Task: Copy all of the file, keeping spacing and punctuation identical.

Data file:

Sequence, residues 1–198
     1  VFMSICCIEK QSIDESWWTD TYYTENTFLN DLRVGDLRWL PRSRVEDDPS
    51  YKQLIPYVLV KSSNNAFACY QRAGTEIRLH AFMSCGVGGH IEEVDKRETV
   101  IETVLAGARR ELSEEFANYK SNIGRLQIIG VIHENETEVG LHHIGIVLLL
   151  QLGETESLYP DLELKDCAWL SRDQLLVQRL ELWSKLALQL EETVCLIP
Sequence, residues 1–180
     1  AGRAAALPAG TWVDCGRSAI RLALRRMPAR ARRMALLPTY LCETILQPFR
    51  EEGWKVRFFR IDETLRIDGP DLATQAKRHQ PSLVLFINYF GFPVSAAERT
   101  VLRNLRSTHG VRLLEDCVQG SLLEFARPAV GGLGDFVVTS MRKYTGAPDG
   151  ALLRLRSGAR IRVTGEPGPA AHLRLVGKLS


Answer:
Sequence, residues 1–198
     1  VFMSICCIEK QSIDESWWTD TYYTENTFLN DLRVGDLRWL PRSRVEDDPS
    51  YKQLIPYVLV KSSNNAFACY QRAGTEIRLH AFMSCGVGGH IEEVDKRETV
   101  IETVLAGARR ELSEEFANYK SNIGRLQIIG VIHENETEVG LHHIGIVLLL
   151  QLGETESLYP DLELKDCAWL SRDQLLVQRL ELWSKLALQL EETVCLIP
Sequence, residues 1–180
     1  AGRAAALPAG TWVDCGRSAI RLALRRMPAR ARRMALLPTY LCETILQPFR
    51  EEGWKVRFFR IDETLRIDGP DLATQAKRHQ PSLVLFINYF GFPVSAAERT
   101  VLRNLRSTHG VRLLEDCVQG SLLEFARPAV GGLGDFVVTS MRKYTGAPDG
   151  ALLRLRSGAR IRVTGEPGPA AHLRLVGKLS